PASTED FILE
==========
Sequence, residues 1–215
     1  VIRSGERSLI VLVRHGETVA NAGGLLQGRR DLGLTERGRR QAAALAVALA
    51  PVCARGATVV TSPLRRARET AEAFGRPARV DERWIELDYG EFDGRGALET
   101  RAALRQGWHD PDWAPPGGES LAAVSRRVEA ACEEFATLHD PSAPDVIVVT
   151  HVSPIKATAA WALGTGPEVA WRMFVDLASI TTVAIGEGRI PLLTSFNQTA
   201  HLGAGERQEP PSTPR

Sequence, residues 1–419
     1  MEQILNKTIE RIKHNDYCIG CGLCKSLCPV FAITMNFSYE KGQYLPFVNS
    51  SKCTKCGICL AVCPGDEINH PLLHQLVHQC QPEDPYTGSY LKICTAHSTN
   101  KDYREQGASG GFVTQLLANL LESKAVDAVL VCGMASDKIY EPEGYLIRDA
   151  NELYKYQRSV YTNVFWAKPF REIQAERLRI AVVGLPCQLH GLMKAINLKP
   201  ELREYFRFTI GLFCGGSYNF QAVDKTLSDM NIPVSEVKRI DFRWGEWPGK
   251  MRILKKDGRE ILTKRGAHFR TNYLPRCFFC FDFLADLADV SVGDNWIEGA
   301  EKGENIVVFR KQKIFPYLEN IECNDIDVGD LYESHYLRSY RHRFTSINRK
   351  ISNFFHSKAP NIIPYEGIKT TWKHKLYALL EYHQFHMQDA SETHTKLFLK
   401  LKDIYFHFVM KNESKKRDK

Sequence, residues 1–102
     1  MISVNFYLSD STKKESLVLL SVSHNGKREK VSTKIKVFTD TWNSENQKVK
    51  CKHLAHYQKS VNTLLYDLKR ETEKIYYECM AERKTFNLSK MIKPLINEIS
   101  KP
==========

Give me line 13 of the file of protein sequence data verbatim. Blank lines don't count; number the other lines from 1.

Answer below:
   251  MRILKKDGRE ILTKRGAHFR TNYLPRCFFC FDFLADLADV SVGDNWIEGA